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Creating a Fragrance Garden

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Creating a Fragrance Garden

If you decide to focus on fragrance in your garden, add plants that have flowers, leaves or trunks that offer delightful smells during the day or at night.

You may find yourself thinking so much about the colors and textures of plants that you overlook fragrance. Yet scent is perhaps the most powerful sense and the one closely associated with memory.
Plants use blossom fragrance to attract pollinators, but that's just for starters; sometimes it's the plant leaves that are fragrant, sometimes bark emits a scent or even the plant's roots. It isn't difficult to bring fragrant plants into your garden if you set your mind to it.
Step 1
Take slow walk through your garden on a sunny morning and evaluate it with new eyes, or, rather, a new nose. Just because you have decided to install a fragrance garden doesn't mean everything has to go. Think of it more as focusing on fragrance. Stop beside each plant and sniff -- the flowers, the leaves, the bark of trees. Don't forget vegetables and herbs. Many have pleasant odors too. Note what smells good and what smells great.
Step 2
Repeat your garden inventory walk at dusk or later. Some plants release fragrance only at the close of day to attract evening pollinators like bats or moths.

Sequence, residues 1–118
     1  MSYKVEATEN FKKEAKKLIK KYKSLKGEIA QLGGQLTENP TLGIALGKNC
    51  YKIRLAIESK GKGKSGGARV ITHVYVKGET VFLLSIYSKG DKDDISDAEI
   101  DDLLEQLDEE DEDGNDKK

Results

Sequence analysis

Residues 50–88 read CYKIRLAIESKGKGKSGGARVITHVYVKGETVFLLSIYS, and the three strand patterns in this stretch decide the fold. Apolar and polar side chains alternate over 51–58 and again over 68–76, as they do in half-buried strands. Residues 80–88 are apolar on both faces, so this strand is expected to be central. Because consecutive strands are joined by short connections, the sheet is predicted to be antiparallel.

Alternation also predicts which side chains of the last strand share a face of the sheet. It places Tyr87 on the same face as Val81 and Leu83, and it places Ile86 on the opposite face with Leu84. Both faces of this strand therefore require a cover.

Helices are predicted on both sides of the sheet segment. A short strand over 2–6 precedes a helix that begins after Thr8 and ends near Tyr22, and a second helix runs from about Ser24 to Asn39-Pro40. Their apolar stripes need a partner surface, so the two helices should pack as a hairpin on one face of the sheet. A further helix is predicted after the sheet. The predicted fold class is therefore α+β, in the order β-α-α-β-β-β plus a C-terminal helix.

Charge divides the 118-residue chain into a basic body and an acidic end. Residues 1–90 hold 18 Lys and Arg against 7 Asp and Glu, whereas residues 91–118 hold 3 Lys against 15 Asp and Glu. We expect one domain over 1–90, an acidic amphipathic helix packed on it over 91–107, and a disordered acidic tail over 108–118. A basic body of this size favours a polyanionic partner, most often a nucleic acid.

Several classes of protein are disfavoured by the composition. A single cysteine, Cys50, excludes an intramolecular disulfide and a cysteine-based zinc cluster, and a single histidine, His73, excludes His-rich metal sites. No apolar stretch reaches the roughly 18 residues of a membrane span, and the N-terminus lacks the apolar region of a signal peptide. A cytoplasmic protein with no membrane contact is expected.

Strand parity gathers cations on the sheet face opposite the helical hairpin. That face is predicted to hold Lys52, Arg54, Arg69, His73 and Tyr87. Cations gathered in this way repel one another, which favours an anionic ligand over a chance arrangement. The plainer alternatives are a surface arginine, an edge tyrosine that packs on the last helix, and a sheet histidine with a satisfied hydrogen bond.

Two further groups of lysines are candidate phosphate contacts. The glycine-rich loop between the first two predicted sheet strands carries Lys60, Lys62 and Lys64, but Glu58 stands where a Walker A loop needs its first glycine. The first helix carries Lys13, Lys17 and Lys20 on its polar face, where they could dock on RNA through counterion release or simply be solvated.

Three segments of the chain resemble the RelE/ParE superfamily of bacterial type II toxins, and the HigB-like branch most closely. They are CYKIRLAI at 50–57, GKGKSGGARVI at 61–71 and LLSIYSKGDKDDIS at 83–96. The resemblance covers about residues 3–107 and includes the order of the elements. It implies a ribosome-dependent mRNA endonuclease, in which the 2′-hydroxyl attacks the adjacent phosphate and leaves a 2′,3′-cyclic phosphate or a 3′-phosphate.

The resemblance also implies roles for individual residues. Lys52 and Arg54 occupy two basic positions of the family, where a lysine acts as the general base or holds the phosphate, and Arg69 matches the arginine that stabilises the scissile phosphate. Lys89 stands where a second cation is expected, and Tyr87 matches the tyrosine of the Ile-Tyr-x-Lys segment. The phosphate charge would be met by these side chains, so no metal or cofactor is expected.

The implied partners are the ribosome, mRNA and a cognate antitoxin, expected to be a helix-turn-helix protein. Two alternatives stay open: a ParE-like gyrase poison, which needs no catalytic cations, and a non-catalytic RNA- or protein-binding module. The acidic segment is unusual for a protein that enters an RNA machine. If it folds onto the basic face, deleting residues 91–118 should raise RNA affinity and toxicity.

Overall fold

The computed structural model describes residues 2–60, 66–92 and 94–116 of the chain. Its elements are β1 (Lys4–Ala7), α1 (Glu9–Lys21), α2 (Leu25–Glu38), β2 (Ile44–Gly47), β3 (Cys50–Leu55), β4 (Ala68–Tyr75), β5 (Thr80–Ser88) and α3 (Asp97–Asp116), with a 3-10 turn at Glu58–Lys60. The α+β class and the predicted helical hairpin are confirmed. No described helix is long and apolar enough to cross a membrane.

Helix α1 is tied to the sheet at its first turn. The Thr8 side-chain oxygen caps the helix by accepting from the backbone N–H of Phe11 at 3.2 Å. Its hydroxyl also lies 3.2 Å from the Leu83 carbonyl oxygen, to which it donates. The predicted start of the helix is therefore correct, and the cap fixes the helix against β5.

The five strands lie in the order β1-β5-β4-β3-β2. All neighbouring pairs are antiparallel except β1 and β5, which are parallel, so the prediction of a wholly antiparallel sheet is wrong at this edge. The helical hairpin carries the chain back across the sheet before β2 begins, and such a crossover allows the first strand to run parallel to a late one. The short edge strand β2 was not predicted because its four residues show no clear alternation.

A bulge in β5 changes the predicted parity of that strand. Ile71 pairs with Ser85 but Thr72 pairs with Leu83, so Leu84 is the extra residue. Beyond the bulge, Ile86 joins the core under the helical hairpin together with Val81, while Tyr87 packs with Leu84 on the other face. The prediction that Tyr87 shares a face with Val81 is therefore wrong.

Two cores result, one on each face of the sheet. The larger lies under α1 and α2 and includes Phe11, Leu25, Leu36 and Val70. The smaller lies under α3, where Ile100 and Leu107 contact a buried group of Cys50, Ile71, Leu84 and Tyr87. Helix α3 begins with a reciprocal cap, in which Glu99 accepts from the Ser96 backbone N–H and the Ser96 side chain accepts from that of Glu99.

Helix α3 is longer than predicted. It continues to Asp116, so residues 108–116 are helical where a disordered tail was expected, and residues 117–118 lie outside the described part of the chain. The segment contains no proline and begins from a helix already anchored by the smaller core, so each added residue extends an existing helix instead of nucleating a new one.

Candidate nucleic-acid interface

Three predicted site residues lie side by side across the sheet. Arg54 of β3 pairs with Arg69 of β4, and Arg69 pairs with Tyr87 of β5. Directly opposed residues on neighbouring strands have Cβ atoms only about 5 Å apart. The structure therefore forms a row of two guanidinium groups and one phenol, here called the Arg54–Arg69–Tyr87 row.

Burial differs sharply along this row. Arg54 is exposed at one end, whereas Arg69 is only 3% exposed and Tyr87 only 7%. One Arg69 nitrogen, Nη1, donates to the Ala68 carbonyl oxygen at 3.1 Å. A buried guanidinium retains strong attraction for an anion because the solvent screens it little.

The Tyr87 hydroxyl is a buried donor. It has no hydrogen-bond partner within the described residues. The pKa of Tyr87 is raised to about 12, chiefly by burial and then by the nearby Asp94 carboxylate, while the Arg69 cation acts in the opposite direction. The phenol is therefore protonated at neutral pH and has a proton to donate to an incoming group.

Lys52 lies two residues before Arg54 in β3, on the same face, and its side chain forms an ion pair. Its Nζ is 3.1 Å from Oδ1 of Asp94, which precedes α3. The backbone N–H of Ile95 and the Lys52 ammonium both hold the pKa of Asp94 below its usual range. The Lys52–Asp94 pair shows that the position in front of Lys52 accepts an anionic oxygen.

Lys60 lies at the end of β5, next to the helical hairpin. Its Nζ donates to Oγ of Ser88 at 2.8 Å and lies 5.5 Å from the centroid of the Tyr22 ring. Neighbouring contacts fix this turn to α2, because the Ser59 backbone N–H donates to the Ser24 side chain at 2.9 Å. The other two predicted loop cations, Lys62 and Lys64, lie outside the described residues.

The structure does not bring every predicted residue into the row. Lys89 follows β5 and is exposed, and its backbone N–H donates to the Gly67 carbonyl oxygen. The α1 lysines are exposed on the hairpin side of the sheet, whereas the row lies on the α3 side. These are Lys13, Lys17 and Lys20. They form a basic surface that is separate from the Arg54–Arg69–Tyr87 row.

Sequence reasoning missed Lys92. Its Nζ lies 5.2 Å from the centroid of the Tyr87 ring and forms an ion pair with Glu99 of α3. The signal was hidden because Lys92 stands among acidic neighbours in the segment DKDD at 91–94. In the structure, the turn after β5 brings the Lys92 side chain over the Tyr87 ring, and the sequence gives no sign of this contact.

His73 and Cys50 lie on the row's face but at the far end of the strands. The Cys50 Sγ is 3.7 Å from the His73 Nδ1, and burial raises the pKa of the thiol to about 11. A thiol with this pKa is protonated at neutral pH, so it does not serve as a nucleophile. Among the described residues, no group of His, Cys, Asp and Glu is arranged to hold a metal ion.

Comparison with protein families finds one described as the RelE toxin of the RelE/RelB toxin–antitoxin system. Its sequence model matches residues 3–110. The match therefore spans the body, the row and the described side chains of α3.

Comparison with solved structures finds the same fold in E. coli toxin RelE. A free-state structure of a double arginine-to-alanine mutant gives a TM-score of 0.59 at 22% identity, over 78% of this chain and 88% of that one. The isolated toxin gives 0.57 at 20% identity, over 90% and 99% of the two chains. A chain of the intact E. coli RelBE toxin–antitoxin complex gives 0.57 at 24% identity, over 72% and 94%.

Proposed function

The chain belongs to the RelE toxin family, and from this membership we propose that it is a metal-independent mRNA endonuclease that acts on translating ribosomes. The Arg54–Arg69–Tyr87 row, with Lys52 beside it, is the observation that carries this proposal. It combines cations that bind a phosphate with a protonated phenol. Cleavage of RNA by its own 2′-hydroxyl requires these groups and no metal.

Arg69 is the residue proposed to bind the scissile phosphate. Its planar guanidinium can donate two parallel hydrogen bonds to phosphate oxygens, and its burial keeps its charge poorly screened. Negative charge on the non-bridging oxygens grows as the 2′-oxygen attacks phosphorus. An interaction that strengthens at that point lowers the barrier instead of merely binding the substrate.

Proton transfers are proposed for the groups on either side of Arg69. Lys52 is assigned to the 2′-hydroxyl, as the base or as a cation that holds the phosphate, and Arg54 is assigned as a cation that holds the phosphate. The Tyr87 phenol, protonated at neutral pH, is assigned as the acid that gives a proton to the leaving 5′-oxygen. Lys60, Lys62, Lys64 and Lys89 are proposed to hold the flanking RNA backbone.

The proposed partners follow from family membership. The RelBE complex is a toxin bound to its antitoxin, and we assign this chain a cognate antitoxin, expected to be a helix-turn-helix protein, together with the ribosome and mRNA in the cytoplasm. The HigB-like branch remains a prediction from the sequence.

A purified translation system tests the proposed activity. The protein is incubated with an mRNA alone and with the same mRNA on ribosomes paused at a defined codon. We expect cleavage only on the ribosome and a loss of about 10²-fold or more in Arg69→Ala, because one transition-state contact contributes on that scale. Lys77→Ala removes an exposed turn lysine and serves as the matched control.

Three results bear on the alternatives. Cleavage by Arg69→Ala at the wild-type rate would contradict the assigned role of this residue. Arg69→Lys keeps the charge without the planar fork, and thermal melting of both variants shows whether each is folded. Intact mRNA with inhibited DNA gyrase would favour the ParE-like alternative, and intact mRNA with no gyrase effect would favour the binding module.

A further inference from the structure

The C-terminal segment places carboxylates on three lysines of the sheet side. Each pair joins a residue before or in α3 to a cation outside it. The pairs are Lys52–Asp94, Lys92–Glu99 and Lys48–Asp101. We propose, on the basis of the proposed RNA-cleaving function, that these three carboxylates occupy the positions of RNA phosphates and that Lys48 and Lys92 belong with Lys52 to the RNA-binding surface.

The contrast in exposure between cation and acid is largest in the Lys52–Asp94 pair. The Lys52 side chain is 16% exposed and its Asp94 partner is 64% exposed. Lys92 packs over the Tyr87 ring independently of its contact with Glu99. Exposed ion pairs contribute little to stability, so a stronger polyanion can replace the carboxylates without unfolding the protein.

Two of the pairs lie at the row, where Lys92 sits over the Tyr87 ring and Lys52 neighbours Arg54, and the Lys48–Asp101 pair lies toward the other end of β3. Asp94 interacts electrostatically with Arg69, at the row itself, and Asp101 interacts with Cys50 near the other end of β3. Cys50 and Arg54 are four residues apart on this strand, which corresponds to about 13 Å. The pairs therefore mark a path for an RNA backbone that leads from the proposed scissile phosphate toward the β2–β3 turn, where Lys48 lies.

Step 3
Identify areas of your garden that offer little or no fragrance and target these for top priority in your focus on fragrance. Note the amount of sun in those areas and the type of soil. Taking your climate and hardiness zone into consideration, pick something with a scent you can't resist and plant it. Audition these fragrance superstars as possible options for leading roles:
Lavender (Lavandula angustifolia) grows in U.S. Department of Agriculture plant hardiness zones 5 through 9 in full sun and well-draining soil.  Lavender leaves are aromatic when rubbed and the fragrance of the stalks of purple flowers is sweet.
 Camellia (Camellia japonica__) grows in USDA zones 7 through 9 in sun or light shade and acidic, well-draining soil. The white, waxy flowers above shiny green leaves presents a picture of elegance, and the alluring fragrance is so powerful you might not want to plant one too close to a bedroom window.
 Tea olive (Osmanthus fragrans) grows in USDA zones 7 through 9 and tolerates shade as well as may types of soil. The small white flowers of this evergreen are among the most fragrant you can find, and the intoxicating odor can carry for 100 feet.   
Step 4
If all your current fragrant plants smell great during the day, select one or two that liven up the night with their sweet perfume.
Night-blooming jasmine/jessamine (Cestrum nocturnum), an evergreen shrub, grows in USDA zones 7 through 11 in partial or full sun with generous watering. The fragrance comes out at night, heavy and sweet.
Moonflower (Ipomoea alba) is a tender perennial vine often grown as an annual that shoots up rapidly in USDA zones 7 through 11. Each gorgeous, white funnel-shaped flower opens in late afternoon and is dead by morning, but its fragrance fills the night.
Angel's trumpet (Brugmansia suaveolens), a hefty shrub, drips with huge funnel-shaped flowers in USDA zones 9 through 11 in full sun with afternoon shade. It needs moist, well-draining soil.  The flowers can grow 12 inches long and their nocturnal fragrance is bewitching.

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